It was then back into the town centre before joining the Honeybourne Line footpath.
I’m pleased and very surprised to say that I didn’t feel my bad toe at all.
On the Honeybourne Line, at about seven and a half miles, my husband gradually pulled away from me. Although he was always in my sights.
There were only three water stations (I’m sure there are normally five). The water was in cups, which is better for the environment than bottles, but much harder to drink. I was choking after my first one. Luckily I always carry my own drink with me anyway. My son usually carries a drink, but had decided not to, because of the water out on the course.
After the Honeybourne Line, the route weaves backwards and forwards through the Pittville area. Pittville is a lovely area, but you do get a bit fed up of weaving backwards and forwards through it.
And then it was on to the killer bit – the racecourse.
As we entered the racecourse, I saw my mum, dad, niece and nephew, which is always a lovely boost at just the right time. My niece informed me that my son had given her his headphones to hold – so he was still ahead of us, then! I had expected to come across him at around seven or eight miles.
By this time, it was very hot. The racecourse is a wide, open area with no shade. You can see runners everywhere you look. It’s soul destroying.
I passed two young men wearing the same charity vest as my son. One asked the other if he’d seen someone with my son’s name. I asked if they were actually referring to my son. They were! I told them that he’d gone off fast. They said he was a machine. I passed them and carried on running.
My husband was still only a few metres ahead of me. I thought I could make out my son in the distance. A lovely guy from parkrun was running in a penguin outfit and encouraging me along. He was stopping and starting, sometimes even going backwards, to encourage everyone.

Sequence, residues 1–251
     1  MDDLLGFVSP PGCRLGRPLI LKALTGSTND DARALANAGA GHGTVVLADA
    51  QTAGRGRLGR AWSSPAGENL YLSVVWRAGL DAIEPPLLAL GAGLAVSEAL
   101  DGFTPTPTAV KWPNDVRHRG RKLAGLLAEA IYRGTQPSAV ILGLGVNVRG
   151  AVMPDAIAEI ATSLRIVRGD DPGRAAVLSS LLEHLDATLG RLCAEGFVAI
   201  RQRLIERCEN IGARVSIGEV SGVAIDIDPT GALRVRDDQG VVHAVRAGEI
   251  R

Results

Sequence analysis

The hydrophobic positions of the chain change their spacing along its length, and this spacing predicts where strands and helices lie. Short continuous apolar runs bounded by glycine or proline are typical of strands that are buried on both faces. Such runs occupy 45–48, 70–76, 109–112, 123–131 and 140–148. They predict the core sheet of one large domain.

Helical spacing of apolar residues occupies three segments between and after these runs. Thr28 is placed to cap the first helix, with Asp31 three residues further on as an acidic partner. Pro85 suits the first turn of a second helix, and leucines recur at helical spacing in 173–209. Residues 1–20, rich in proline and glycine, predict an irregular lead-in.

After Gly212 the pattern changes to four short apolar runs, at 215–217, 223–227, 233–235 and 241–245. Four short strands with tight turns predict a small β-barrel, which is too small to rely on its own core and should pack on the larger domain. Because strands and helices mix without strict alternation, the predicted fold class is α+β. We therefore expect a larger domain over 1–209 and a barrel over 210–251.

I closed in on my husband. And also my son.
They were staggering. Something was wrong.
Then my husband ran on.
I caught my son. He was swerving. I put my arm round him and said I would walk with him to the finish line – we were very close at this point.
He said he was fine and I should carry on.
I thought he would just walk it, sit down and be fine.
I was so hot and running slowly to the finish line. But the guy from parkrun shouted ‘Come on, Sarah!’. So we sprinted for the finish line.
I finished in 1:50:27, which is about my usual time. I wasn’t sure I could run that fast any more after weeks of running slower for marathon training. My husband was just 30 seconds ahead of me. My sister did 2 hours and 14 minutes.
And my son? We just couldn’t find him. We searched and searched, getting more and more worried. We didn’t have our celebratory photo at the end with the five of us. We didn’t spend time chatting to my mum and dad. There was none of the usual buzz, just panic.
We found him in the medical tent in a bad way. And that’s a whole other story.
Cheltenham half marathon 2021 is one I will never forget.
After an overnight stay in hospital, my son was completely better and he was discharged.